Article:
Seeds of South Australia
Xanthorrhoea minor ssp. lutea (Liliaceae)
Little Grass-tree
List of species for Xanthorrhoea
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Seed collecting:
December to February
Herbarium region:
South Eastern
NRM region:
South East
IBRA regions
Mount Gambier (SVP02)Southern Volcanic Plain
 Vulnerable   (IUCN: VU D2)   [(no records) T Horn has seen a few plants]
Glenelg Plain (NCP02)Naracoorte Coastal Plain
 Vulnerable   (IUCN: VU D2)   [almost entire SA pop; T Horn: in reserve system, hard to ID]
RSCA map:
Regional Species Conservation Assessments per IBRA subregion. Please click the thumbnail map.
AVH map:
Australian distribution map (external link)
SA Census:
Census of South Australian plants (external link)     [genus Xanthorrhoea]
Name derivation:
Xanthorrhoea from the Greek 'xanthos' meaning yellow and 'rheo' meaning to flow; referring to the yellow resin that is often produced from the leaves. Minor from Latin meaning small; referring to the species smaller size compare with the other members of the genus. Lutea from the Latin 'luteum' meaning yellow; referring to the yellow colour inner tepals.
Distribution:
Found in the South-east in South Australia, growing in heavy clay soil. Also found in New South Wales and Victoria.
Status:
Native. Rare in South Australia. Rare in New South Wales. Common in Victoria.
Plant description:
Small shrub with stem almost totally subterranean and branched under ground. Leaves forming an erect tuft, depressed obtriangular, or often concave in cross-section, to 3.5 mm wide and 1.5 mm thick, green, not glaucous. Inflorescence with flower-bearing part to 30 cm long and 25 mm diameter with numerous flowers, with the inner tepals yellow.. Flowering between October to November.
Fruit type:
Numerous woody capsules maturing to dark brown along the spike. Capsule split into three segments, each containing one black seed.
Seed type:
Flat pyrimid-like black seed to 9 mm long and 5 mm wide.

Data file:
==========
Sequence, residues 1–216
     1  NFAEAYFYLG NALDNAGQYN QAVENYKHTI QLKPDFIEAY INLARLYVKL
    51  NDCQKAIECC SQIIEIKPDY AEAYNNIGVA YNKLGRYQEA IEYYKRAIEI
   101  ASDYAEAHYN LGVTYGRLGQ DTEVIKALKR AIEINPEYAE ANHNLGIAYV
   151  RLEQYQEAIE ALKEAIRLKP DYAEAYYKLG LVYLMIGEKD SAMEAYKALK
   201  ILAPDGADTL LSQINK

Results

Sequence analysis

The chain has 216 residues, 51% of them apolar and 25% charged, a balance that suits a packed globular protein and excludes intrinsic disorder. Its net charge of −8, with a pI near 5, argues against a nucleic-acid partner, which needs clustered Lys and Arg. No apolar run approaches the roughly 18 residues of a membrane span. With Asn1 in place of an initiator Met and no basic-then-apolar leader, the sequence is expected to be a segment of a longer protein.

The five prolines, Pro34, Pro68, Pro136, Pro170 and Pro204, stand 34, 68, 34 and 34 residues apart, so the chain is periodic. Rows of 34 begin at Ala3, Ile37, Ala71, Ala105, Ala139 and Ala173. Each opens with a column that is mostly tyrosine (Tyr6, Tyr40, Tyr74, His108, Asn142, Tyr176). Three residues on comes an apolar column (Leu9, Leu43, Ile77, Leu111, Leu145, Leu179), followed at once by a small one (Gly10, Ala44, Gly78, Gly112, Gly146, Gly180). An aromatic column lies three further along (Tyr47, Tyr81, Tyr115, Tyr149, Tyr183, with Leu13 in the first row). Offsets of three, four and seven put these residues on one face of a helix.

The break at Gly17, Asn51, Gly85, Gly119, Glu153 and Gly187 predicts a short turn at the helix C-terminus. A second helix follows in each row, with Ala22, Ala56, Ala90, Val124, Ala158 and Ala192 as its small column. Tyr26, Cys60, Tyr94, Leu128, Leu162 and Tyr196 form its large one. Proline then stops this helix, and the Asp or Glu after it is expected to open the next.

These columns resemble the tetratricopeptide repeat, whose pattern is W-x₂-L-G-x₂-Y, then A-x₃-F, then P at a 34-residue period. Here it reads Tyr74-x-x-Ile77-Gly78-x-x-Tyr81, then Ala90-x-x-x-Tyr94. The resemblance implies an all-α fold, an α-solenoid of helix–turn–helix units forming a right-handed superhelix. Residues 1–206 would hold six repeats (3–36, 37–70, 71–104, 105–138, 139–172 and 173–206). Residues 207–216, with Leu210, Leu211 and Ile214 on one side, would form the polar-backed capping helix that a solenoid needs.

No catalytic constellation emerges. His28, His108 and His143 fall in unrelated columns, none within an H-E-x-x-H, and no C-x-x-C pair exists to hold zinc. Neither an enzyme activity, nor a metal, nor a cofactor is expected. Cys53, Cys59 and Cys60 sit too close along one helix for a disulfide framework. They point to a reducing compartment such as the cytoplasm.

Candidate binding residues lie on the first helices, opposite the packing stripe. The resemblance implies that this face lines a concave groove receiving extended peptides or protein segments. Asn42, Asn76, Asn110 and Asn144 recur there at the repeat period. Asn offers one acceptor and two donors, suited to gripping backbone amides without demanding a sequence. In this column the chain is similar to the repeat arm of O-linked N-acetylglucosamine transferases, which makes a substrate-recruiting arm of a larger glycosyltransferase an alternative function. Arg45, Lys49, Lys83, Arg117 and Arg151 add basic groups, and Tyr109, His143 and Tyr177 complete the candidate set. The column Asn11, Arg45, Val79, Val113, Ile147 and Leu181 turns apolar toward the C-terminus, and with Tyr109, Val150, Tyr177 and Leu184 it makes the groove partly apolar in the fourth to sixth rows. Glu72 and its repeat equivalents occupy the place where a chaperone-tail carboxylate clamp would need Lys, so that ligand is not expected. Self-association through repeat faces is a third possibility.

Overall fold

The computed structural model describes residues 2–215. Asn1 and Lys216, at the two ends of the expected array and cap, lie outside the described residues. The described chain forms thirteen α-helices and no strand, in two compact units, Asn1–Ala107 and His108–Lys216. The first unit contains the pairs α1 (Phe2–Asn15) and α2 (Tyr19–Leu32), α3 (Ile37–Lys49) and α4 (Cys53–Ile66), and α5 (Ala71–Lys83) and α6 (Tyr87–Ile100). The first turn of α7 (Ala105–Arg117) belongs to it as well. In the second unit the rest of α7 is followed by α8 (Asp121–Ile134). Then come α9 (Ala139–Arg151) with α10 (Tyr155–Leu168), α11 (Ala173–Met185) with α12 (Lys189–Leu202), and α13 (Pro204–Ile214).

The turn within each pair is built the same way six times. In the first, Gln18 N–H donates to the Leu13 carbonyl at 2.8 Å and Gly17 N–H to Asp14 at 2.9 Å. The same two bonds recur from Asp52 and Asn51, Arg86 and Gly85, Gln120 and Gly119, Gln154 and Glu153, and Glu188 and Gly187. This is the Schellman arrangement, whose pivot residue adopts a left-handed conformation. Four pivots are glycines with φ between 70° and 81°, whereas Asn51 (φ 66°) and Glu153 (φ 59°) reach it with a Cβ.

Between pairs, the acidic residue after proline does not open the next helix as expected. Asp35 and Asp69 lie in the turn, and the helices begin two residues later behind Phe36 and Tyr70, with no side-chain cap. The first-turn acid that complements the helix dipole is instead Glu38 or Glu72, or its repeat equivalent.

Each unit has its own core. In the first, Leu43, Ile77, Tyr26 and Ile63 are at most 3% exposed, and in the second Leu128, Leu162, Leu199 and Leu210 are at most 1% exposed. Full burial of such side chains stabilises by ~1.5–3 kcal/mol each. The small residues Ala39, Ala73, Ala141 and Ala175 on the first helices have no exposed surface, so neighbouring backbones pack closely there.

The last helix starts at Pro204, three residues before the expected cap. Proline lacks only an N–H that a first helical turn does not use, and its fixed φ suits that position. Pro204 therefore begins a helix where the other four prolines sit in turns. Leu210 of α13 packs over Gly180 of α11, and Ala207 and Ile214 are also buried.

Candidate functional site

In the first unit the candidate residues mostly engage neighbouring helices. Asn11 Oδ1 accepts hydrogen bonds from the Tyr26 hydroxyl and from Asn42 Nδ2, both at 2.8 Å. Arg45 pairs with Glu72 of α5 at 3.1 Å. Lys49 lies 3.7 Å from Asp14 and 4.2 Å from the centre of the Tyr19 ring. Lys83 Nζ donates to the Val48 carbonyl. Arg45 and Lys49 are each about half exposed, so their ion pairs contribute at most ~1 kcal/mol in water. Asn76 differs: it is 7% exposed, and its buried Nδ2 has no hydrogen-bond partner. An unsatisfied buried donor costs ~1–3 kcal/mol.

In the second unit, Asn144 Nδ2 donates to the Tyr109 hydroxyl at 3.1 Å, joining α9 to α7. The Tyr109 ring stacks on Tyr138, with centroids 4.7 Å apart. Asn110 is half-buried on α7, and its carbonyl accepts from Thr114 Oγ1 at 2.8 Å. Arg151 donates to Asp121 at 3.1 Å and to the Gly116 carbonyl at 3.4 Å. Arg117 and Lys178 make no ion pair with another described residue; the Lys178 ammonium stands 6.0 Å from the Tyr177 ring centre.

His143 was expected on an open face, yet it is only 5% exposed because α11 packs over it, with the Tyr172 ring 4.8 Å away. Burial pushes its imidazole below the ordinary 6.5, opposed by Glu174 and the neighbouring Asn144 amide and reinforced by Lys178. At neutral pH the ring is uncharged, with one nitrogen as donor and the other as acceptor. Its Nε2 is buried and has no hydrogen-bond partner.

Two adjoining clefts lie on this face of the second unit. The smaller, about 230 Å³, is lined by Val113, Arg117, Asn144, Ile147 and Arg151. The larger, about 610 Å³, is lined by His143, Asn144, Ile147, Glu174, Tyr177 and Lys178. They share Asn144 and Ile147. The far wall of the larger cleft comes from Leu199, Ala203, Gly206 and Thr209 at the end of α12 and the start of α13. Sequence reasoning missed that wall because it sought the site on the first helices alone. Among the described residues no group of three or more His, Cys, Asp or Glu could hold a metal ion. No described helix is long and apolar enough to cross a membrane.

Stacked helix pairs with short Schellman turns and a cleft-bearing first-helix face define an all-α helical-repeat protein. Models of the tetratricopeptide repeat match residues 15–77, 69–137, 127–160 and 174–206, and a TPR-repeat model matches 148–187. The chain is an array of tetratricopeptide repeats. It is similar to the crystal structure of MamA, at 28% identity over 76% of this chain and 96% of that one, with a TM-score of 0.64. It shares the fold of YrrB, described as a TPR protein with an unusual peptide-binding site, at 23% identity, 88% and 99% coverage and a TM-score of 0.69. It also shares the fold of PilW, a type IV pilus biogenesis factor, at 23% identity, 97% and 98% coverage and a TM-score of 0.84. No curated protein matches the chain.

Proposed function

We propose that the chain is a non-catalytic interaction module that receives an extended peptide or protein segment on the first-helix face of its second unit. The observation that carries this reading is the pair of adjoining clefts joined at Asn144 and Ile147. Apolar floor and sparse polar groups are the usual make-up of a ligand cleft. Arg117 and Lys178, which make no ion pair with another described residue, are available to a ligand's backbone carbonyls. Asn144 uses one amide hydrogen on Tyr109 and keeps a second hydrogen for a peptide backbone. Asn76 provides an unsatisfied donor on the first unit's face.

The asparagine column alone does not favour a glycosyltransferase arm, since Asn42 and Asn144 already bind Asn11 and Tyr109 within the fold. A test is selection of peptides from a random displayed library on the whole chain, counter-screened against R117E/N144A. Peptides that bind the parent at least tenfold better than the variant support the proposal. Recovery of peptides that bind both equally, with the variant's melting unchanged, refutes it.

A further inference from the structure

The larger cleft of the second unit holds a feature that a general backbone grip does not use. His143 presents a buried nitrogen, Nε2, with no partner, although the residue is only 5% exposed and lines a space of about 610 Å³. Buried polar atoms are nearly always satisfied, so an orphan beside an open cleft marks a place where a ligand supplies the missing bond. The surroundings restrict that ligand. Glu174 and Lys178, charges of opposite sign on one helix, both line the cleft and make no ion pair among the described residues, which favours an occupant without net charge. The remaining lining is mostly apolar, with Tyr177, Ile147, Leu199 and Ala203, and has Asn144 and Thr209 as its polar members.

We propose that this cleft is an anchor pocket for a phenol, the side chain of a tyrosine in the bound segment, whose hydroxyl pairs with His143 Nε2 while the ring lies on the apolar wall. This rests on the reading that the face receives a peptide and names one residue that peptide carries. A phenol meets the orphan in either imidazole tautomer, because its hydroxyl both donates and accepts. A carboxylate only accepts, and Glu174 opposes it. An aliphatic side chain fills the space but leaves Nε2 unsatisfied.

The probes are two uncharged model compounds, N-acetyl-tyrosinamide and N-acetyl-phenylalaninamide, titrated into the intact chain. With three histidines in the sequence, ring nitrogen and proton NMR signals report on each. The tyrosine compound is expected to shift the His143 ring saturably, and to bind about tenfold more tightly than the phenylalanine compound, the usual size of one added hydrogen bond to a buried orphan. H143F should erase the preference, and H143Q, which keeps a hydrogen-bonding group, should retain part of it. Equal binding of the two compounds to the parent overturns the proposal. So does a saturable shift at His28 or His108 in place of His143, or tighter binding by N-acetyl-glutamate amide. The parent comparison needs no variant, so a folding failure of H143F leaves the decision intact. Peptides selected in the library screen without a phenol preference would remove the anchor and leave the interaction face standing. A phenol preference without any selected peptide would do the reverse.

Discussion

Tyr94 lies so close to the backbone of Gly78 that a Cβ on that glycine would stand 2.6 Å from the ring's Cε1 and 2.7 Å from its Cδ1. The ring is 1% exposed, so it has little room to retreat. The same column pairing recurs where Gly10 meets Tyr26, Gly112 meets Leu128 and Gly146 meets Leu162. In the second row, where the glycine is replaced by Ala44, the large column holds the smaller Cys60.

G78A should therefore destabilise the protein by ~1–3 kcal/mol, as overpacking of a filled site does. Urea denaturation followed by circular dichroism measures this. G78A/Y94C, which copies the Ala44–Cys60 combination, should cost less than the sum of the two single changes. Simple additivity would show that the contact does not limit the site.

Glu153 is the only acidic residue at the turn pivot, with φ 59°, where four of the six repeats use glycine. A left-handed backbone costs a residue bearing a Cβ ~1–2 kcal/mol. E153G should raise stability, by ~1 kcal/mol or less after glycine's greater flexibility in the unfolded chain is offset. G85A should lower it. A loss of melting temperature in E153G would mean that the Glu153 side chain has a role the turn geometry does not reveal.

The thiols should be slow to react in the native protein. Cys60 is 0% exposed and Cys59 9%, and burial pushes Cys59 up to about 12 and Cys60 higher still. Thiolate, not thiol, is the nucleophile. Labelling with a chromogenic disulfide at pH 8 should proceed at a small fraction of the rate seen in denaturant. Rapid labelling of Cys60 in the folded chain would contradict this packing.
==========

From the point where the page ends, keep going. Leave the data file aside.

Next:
Embryo type:
Linear under-developed.
Seed collecting:
Cut off fruit spikes that have mature capsules, usually turning dark brown or beginning to split. The seeds inside should be black.
Seed cleaning:
Place the fruit spikes in a tray or bucket and leave to dry for 3-4 weeks or until most of the capsules split. Then shake the fruit spike in a bucket to dislodge the seeds. Store the seeds with a desiccant such as dried silica beads or dry rice, in an air tight container in a cool and dry place.
Seed viability:
From on collection, the seed viability was high, at 90%.
Seed germination:
Seeds are non-dormant, viable seed should germinate readily without any treatment.
Seeds stored:
LocationNo. of seeds
(weight grams)
Number
of plants
Date
collected
Collection number
Collection location
Date
stored
% ViabilityStorage
temperature
BGA 
MSB
1800 (14.23 g)
1700 (12.9 g)
30+20-Jan-2010MJT267
South Eastern
Jun-201090%-18°C
Location: BGA — the seeds are stored at the Adelaide Botanic Gardens, MSB — the seeds are stored at the Millennium Seed Bank, Kew, England.
Number of plants: This is the number of plants from which the seeds were collected.
Collection location: The Herbarium of South Australia's region name.
% Viability: Percentage of filled healthy seeds determined by a cut test or x-ray.